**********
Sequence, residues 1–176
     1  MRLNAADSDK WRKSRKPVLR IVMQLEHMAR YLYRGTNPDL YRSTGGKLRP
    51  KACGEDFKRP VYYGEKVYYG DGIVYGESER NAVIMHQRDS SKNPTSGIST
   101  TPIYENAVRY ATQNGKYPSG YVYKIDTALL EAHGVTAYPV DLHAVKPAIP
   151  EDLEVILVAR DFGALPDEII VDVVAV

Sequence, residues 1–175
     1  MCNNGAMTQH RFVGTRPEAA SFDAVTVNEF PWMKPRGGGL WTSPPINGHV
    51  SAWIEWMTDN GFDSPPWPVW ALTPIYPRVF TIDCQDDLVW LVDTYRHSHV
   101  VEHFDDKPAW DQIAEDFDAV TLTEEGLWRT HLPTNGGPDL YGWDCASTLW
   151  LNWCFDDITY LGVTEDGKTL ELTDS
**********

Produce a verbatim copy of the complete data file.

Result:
Sequence, residues 1–176
     1  MRLNAADSDK WRKSRKPVLR IVMQLEHMAR YLYRGTNPDL YRSTGGKLRP
    51  KACGEDFKRP VYYGEKVYYG DGIVYGESER NAVIMHQRDS SKNPTSGIST
   101  TPIYENAVRY ATQNGKYPSG YVYKIDTALL EAHGVTAYPV DLHAVKPAIP
   151  EDLEVILVAR DFGALPDEII VDVVAV

Sequence, residues 1–175
     1  MCNNGAMTQH RFVGTRPEAA SFDAVTVNEF PWMKPRGGGL WTSPPINGHV
    51  SAWIEWMTDN GFDSPPWPVW ALTPIYPRVF TIDCQDDLVW LVDTYRHSHV
   101  VEHFDDKPAW DQIAEDFDAV TLTEEGLWRT HLPTNGGPDL YGWDCASTLW
   151  LNWCFDDITY LGVTEDGKTL ELTDS